When they were called Mujahideen, we idolized and romanticised them. Rugged, well leathered Afghan resistance fighters, coming down from the mountains to bloody the Soviets, then like gear-laden-billy-goats they'd retreat back up the slopes into the mysterious tough-as-iron world from which they were forged
Heck, we even had America's #1 beefy-bone-head, Sylvester Stallone cast them as freedom-loving brave-hearts in the shamefully overlooked by the Academy masterpiece, Rambo III. But that these same Mujahideen would form the core of the Taliban, that they were Shariaists who represented a brutal shudder-inducing theocracy was something we absolutely did not know.
And shame on us for not knowing it. And we must never forget the lessons of not knowing it - that the world is full of ironies we don't understand. All we wanted, me too at the time, was for the Soviets to get bloodied. We couldn't see past the Cold War. So Carter started arming the Mujahideen and Reagan accelerated it. Then the world sat back aghast (and this even before 911) at what the Taliban actually were. We watched them blow up 1,500 tear-old carvings to Buddha, literally destroying irreplaceable national and world treasures because it supposedly went against their religious creeds. Women were not allowed to be educated and religious death squads were formed, enforcing Sharia law with an iron fist.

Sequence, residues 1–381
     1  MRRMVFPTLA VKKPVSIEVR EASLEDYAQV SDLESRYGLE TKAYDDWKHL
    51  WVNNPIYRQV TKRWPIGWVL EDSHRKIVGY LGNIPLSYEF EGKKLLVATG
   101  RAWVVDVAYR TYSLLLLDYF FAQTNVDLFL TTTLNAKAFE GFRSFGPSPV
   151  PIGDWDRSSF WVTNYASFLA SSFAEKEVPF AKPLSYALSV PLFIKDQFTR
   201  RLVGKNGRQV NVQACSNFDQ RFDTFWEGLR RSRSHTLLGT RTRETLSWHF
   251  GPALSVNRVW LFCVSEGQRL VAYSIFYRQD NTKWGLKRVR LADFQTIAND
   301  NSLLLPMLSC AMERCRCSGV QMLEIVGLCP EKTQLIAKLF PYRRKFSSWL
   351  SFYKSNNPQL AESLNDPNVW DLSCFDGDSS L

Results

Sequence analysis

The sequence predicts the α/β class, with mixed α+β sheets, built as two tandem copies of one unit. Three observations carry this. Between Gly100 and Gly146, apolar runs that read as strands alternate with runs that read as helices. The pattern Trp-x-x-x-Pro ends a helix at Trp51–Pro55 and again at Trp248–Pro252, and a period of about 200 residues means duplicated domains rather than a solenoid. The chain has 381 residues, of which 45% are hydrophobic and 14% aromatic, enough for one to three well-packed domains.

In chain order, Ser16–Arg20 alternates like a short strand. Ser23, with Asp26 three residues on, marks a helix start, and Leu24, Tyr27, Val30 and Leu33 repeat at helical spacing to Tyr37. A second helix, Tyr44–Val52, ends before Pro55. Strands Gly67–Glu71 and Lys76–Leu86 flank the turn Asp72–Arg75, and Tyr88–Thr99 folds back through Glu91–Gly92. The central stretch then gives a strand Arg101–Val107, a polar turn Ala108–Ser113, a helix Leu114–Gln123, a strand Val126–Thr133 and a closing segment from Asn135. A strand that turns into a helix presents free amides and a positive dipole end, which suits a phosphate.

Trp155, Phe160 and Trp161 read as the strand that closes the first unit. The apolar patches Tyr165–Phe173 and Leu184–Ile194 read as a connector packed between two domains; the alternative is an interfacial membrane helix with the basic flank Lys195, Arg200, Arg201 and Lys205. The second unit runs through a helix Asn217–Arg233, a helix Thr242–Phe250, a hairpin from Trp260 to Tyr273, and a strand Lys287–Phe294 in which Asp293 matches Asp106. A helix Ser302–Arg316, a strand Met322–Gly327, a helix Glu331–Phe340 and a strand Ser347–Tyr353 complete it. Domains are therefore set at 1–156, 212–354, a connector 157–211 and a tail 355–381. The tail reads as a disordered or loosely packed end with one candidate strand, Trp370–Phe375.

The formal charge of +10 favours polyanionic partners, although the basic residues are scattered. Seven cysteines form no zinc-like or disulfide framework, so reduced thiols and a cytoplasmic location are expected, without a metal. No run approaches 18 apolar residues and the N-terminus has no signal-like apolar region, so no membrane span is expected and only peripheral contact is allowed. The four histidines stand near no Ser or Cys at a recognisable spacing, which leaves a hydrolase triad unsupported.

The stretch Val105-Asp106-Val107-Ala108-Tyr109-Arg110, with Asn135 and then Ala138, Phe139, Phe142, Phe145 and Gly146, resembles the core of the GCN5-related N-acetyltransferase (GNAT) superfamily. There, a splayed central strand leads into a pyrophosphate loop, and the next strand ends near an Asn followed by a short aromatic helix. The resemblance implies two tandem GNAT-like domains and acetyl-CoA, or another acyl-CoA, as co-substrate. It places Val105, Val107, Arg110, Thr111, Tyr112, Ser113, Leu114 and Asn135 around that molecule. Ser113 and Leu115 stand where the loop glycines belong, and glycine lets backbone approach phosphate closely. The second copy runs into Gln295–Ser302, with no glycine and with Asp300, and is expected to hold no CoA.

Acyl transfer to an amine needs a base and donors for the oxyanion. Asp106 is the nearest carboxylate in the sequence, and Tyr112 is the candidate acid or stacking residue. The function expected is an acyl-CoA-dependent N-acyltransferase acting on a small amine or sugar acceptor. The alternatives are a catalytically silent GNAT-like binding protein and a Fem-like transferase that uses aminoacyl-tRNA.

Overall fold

Now it wasn't the Taliban directly that perpetrated 911, but they welcomed Bin laden and his terrorist camps into the country with open arms. And we're left with the supreme irony that a Soviet-style Communist Afghanistan would have actually been more in our national interest than was the post-Soviet Taliban. One take-away from this is that we really don't always know what our national interest is at the time, although we think we do. Another is that we don't understand foreign people, their societal factions, their cultural and religious institutions and proclivities the way we think we do.
This lesson was solidified further in Iraq. Which, by the way, I actually thought we were going to just knock off Saddam Hussein and leave. Not caring what they did next, but just making it clear that governments who may do us harm will get harm done to them first. When it became clear we were actually going to stay to build a Jeffersonian democracy, then we began to understand what we didn't understand. For instance, there never was 1 Iraq, there were 3 Iraqs. The Kurdish north, Sunni center and Shiite south. Apparently, Saddam permitted opposition Shiite clerics to exist. I would have just though he would have had them all killed. But there they were, El-Sadr and the like. What a mess.
I'm tired of these parts of the world. We only need to do what we need to do, both home and abroad, to keep crazies from flying planes into buildings. Let's do no more, and never get caught not knowing what we don't know ever again.